When I set down Assassin's Creed Valhalla after I finished it for review, my only real complaint was that the base game's main story was a bit too long, crowded by a few less interesting regions in the middle sections. While I loved my time with it, I was hoping that the DLC packs, the first of which is Wrath of the Druids, would offer something different that would entice players to come back to Valhalla. While adding a few different mechanics in settlement management, the trip to Ireland leans on the familiar gameplay loop of the base game. However, it still offers a healthy new variety of enemies, locations, and interesting boss fights that make it worth revisiting Valhalla.
Eivor is approached by a mysterious missive from Ireland, telling them that they've been summoned by the King of Dublin by name. After some confusion, as Eivor does not know the King of Dublin, you'll set off to destroy a barricade that blocks the route to Ireland. Upon arrival, the King is revealed to be Eivor's cousin Barid, a real historical figure who ruled over Dublin in the 9th Century.
After the reunion, the premise is set - Barid wishes to gain the favor of the Irish High King Flann, who is distrustful of Danes like himself. To repay a debt to Barid's parents for taking them in as a child, Eivor pledges their axe to him. Only later does the true story involving a powerful forest cult called the Children of Danu begin to manifest, with their reach seeping into every aspect of society. Aided by a feisty drunk poetess named Ciara (who I initially disliked but is growing on me), Eivor sets out to find what horrors the druids have pulled from the deep reaches of the wood.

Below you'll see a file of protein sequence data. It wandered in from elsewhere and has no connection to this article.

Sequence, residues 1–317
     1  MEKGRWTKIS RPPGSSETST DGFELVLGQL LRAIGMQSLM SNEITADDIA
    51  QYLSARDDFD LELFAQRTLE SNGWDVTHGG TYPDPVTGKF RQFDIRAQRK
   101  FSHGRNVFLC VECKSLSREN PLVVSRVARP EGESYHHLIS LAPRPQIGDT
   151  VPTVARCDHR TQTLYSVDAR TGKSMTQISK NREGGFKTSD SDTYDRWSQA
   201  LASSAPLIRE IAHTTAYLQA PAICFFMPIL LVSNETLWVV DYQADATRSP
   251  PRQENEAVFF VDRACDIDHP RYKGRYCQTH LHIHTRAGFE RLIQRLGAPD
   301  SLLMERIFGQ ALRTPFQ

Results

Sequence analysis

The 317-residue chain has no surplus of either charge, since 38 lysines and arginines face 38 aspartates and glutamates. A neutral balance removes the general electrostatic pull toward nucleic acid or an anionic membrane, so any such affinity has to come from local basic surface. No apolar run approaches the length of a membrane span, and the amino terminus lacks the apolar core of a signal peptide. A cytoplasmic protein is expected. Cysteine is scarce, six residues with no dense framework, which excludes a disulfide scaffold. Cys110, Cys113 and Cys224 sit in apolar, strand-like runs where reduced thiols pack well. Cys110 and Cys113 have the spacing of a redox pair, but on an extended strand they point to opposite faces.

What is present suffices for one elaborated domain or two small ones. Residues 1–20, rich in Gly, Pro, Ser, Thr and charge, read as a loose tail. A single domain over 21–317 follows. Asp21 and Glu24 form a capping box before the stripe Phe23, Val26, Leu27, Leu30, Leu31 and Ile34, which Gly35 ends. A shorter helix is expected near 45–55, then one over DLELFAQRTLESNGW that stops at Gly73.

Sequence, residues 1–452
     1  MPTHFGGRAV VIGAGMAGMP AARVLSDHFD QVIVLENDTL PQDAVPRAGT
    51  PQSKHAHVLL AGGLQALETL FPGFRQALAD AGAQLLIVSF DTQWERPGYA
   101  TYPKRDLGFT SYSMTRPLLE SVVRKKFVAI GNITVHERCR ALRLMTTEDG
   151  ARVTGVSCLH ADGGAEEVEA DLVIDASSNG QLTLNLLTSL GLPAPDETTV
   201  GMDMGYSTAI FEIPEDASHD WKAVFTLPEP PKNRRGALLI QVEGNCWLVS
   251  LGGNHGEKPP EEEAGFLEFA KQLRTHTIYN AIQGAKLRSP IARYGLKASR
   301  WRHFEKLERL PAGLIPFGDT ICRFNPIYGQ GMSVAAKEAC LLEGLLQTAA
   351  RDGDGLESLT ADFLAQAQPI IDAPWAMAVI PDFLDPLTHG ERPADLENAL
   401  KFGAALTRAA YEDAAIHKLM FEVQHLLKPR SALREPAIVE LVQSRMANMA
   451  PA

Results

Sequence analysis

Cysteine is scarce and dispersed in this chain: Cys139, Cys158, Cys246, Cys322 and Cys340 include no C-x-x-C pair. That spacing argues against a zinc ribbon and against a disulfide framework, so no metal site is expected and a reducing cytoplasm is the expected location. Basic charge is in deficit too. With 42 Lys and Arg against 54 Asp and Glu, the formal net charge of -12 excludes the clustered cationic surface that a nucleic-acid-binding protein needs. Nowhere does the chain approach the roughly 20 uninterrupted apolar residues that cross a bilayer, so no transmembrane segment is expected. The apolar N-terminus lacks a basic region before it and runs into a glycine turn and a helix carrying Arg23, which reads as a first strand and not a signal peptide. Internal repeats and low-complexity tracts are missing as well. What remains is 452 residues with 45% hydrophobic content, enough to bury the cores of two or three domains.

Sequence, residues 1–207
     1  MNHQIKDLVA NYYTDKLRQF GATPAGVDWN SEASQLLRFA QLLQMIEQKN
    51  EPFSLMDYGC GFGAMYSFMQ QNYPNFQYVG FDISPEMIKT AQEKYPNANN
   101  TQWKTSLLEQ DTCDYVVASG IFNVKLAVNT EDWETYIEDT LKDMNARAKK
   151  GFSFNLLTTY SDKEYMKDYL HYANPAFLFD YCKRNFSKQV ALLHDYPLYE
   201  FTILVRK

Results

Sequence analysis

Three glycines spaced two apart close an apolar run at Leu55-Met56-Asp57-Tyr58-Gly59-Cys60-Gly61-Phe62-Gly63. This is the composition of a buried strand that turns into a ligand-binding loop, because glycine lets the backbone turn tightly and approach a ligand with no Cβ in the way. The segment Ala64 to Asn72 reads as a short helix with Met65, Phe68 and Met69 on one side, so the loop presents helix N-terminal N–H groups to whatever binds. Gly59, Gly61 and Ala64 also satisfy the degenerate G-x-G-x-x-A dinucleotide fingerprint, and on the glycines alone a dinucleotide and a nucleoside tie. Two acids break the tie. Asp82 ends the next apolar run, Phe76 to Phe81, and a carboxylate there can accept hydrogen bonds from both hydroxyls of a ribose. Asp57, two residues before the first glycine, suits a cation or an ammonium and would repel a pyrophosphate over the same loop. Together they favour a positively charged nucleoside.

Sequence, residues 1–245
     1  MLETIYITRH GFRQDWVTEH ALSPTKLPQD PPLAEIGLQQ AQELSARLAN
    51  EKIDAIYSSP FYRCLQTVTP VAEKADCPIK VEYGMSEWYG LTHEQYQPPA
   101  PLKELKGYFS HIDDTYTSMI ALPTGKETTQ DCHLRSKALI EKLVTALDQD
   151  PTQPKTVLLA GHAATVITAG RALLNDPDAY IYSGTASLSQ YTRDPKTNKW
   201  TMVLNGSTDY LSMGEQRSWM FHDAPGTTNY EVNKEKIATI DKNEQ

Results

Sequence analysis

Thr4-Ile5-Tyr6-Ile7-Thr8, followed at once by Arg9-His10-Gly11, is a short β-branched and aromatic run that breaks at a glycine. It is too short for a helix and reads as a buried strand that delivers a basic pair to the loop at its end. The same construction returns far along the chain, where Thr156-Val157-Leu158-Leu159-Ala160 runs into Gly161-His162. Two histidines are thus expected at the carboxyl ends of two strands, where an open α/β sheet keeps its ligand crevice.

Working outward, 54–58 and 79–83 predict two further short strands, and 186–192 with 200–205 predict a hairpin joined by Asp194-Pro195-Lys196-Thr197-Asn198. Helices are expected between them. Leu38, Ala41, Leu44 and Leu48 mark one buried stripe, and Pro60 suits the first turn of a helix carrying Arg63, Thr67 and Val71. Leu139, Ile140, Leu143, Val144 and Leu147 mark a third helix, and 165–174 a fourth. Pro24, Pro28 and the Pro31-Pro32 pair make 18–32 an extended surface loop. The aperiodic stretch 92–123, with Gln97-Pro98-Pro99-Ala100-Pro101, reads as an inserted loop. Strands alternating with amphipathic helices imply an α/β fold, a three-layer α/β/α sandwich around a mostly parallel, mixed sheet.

If asked to estimate, I'd say the playable landmass of Ireland is roughly 1/5 of England's size from the base game. It's composed of four large regions, one of which is Dublin, and is breathtakingly beautiful. To my eyes, the region of Gloucestershire in the base game is one of the most beautiful locations in all of video games. The quiet, murky fog of the forests; the shadows of otherworldly beasts in the distance; the shimmering of dimly lit ponds hidden away in the woods; the cackling of witches from deep in the brambles; the little Hobbit hole residences; and the shadow of the enormous wicker man as it watches over pagan rituals and strange stone carvings. This aesthetic was so wonderful I wished it had been used more, and I got my wish; 9th Century Ireland is largely all of the aforementioned.